The crowds were so great, and the days so crowded, that Jesus' very eating was interfered with. His friends remonstrate, and even think Him unduly swayed by holy enthusiasm. But it is a man come down from Jerusalem who spread freely among the crowds the ugly charge that He was in league with the devil, possessed by an unclean spirit, and that that explained His strange power. No uglier charge could be made. It reveals keenly the desperate purpose of the Jerusalem leaders. Clearly it was made to influence the crowds. They were panic-stricken over these crowds. What could He not do with such a backing, if He chose! Such a rumor would Spread like wildfire. Jesus shows His leadership. He at once calls the crowds about Him, speaks openly of the charge, and refutes it, showing the evident absurdity of it.

Then a strange occurrence takes place. While He is teaching a great crowd one day, there is an interruption in the midst of His speaking Oddly, it comes from His mother and her other sons. They send in a message asking to see Him at once. This seems very strange. It would seem probable from the narrative that they had access to Him constantly. Why this sudden desire by the one closest to Him by natural ties to break into His very speaking for a special interview? Had these Jerusalem men been working upon the fears of her mother heart for the safety of her Son? She would use her influence to save Him from possible danger threatening? There is much in the incident to give color to such a supposition. Perhaps a man of such fineness as He could be checked back by consideration for His mother's feelings. They were quite capable of pulling any wire to shut Him up, however ignorant they showed themselves of the simple sturdiness of true character. But the same man who so tenderly provides for His mother in the awful pain of hanging on a cross reminds her now that a divine errand is not to be hindered by nature's ties; that clear vision of duty must ever hold the reins of the heart.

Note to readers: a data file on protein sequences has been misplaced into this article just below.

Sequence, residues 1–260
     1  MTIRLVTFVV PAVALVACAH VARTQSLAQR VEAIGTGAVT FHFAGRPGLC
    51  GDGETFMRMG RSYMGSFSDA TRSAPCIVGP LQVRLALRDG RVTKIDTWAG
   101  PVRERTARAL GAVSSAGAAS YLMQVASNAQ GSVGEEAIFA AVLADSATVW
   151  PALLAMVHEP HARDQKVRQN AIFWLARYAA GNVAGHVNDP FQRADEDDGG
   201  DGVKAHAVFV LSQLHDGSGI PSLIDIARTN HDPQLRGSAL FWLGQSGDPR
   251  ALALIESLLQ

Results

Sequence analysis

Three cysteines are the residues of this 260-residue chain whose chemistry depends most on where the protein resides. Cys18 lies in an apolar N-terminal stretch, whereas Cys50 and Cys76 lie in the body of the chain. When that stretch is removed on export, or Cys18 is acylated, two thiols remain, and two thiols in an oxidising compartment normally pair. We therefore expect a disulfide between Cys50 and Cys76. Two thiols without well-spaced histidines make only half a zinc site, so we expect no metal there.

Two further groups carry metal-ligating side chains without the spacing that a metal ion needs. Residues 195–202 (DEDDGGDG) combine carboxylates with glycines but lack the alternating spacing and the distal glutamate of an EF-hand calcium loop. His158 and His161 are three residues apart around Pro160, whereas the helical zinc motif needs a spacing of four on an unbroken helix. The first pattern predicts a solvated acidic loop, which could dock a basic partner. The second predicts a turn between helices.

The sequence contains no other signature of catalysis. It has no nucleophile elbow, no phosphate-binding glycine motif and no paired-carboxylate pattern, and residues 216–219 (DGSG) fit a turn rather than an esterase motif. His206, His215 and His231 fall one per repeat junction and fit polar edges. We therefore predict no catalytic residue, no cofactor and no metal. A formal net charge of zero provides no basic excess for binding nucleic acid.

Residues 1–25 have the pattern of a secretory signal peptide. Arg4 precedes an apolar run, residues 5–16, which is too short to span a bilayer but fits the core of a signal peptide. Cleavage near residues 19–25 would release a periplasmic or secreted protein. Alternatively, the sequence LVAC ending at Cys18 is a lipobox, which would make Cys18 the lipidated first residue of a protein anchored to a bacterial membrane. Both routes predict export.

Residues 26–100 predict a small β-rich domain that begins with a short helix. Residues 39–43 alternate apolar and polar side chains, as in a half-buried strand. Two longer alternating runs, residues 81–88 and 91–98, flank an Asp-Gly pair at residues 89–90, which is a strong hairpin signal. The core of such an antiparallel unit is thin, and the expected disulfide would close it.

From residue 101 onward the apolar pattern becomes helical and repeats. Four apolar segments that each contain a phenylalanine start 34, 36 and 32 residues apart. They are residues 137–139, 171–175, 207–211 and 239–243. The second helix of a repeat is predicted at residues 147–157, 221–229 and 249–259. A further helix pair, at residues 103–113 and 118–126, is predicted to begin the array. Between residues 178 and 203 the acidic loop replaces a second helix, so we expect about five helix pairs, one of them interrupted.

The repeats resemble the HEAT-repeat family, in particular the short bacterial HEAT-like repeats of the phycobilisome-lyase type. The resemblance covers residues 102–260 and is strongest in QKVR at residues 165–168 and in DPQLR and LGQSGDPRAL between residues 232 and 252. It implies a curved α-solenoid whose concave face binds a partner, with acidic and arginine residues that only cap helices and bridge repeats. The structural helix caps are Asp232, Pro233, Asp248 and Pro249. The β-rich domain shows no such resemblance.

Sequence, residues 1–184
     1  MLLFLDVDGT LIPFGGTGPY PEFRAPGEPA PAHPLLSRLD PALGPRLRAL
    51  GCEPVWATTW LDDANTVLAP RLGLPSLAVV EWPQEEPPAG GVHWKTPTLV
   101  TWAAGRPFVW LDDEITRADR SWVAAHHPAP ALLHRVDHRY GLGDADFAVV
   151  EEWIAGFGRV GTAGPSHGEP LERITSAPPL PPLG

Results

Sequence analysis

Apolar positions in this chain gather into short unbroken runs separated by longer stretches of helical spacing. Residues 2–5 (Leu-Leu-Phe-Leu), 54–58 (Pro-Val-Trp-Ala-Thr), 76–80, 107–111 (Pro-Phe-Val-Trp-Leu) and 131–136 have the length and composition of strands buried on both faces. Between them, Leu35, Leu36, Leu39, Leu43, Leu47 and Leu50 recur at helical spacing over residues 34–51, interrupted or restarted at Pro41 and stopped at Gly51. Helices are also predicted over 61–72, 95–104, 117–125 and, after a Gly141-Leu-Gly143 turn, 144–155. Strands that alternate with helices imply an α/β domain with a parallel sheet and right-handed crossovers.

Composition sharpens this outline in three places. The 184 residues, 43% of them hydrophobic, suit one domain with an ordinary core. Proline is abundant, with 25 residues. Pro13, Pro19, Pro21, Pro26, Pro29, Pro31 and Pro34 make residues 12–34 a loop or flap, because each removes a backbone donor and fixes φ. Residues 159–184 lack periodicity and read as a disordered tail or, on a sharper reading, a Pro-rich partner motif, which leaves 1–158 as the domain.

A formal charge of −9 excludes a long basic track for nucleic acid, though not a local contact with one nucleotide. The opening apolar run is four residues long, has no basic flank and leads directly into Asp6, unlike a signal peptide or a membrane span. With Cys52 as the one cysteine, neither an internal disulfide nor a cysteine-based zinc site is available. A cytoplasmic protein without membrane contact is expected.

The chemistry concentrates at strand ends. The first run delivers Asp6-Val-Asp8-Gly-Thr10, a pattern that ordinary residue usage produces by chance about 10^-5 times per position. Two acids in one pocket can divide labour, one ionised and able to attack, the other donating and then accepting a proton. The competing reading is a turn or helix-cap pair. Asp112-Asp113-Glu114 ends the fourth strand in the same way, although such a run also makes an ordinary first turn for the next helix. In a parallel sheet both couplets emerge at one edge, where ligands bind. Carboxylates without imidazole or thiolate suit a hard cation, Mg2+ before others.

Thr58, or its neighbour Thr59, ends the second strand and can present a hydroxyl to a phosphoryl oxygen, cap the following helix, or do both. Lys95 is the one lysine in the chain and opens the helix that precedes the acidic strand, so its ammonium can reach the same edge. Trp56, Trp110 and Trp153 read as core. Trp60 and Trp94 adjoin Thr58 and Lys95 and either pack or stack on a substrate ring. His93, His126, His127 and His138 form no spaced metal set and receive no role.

Then comes the most terrible, and most significant event, up to this time, in the whole gospel narrative -- the murder of John. This marks the sharpest crisis yet reached. For a year or so John had been kept shut up in a prison dungeon, evidence of his own faithfulness, and of the low moral tone, or absence of moral tone, of the time. Then one night there is a prolonged, debased debauchery in a magnificent palace; the cunning, cruel scheme of the woman whose wrong relation to Herod John had honestly condemned. The dancing young princess, the drunken oath, the terrible request, the glowing-coal eyes closed, the tongue that held crowds with its message of sin, and of the coming One stilled, the King's herald headless -- the whole horrible, nightmare story comes with the swiftness of aroused passion, the suddenness of a lightning flash, the cold cruelty of indulged lust.

Instantly on getting the news Jesus |withdrew| -- for the third time withdrew to a retired desert place. This had tremendous personal meaning for Him. Nothing has occurred thus far that spells out for Him the coming tragic close so large, so terribly large, as does this. He stays away from the Passover Feast occurring at this time, the only one of the four of His public career He failed to attend.